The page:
“The straights to which helpless woman has been subjected by the absence of pockets in her gowns have wrung from her many complaints that have availed her nothing.”
A rather incredible 1869 train accident involved President Grant, his family, and the Secretary of the Treasury — and a cow.
One traditional method Hill discusses is quarantine — but Hill gives it a rational spin, characteristic of early twentieth century optimism and trust in science and expertise.
Freedom, argues Franz Neumann, requires several kinds of knowledge (historical, for example), not simply the absence of state (or private) coercion — though that too is a necessary and critical element.
Justice Scalia once noted that “the Constitution sometimes
insulates the criminality of a few in order to protect the privacy of us all.”
Technology & Science Studies
As the Victorian version of separate spheres solidified in the mid-nineteenth century, the “idea of wifely sainthood gained ever more credence as housewives found themselves increasingly isolated from the male-operated world.”
Unlike postal mail or, later, the telephone, telegrams never received constitutional protection. Yet they were the quintessential nineteenth-century technology of communication, used extensively for business, government, and personal communication, much of which both senders and receivers would have wished to keep to themselves.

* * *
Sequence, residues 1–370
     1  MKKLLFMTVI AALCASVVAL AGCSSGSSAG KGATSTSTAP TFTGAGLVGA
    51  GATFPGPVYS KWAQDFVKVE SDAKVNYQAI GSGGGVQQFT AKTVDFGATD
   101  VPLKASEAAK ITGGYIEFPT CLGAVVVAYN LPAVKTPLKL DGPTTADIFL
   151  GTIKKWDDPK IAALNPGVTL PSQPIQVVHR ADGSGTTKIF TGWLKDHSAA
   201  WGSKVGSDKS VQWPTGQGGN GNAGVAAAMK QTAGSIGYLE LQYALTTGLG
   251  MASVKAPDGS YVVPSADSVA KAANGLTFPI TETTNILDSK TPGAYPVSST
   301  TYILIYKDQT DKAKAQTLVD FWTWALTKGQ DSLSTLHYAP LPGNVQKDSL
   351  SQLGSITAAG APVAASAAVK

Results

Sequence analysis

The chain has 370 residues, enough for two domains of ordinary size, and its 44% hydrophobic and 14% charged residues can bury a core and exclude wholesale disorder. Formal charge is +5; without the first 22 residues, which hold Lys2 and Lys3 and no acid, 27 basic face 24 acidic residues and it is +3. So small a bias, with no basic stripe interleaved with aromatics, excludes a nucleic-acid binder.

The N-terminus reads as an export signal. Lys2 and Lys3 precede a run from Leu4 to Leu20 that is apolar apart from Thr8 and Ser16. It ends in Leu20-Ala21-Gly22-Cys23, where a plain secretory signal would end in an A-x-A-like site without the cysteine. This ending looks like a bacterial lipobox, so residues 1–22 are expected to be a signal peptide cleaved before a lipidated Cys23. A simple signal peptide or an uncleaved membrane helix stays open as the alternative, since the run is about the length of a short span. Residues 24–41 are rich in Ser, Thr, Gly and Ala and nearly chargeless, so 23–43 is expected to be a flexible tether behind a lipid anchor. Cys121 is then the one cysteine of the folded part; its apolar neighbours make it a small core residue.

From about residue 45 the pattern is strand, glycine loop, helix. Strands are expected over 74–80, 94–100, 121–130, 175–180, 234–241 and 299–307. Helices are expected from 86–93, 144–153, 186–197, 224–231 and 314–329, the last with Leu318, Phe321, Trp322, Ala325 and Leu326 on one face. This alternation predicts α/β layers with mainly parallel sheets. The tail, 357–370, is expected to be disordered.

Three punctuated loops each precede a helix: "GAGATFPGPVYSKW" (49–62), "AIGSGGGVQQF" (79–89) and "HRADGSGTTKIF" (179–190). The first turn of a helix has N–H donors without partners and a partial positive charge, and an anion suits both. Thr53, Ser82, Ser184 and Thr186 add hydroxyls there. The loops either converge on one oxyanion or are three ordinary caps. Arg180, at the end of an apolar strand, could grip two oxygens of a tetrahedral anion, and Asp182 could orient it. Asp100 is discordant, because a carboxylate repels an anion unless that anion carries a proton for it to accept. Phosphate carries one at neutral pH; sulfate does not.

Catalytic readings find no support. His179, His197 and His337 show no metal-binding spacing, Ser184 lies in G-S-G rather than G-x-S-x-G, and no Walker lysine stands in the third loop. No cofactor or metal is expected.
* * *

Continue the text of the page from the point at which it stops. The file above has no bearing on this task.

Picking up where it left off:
The Supreme Court and James Q. Whitman’s “The Two Western Cultures of Privacy: Dignity Versus Liberty”
James Q. Whitmore reveals an interesting contrast: whereas American law and rhetoric is strongest when privacy is approached as a protection against state interference, privacy protections in Germany and France are at their peak when the dignity of the individual is at stake. Justice Kennedy, interestingly, emphasizes this more European approach in a number of his Supreme Court decisions.
Was President Trump right when he tweeted that “all agree the U. S. President has the complete power to pardon“? It is true that the power of the President of the United States to issue pardons is indeed one of the president’s most powerful Article II powers — but, it is also, despite the implication of President Trump’s tweet, limited.
Within a month of taking office, President Donald Trump announced his desire to go after “leakers” who have helped embroil his administration in controversy. He also declared many traditional news outlets to be “enem[ies] of the American People!” What does this mean for those who publish such material?
A 1930s article published in The Journal of Heredity, “Beginnings of Sterilization in America,” is notable for the way it portrayed sterilization, particularly when it is compared to an earlier account of the same interview with Dr. Sharp that formed the basis of the article and that has been preserved in the archives of California’s Human Betterment Foundation.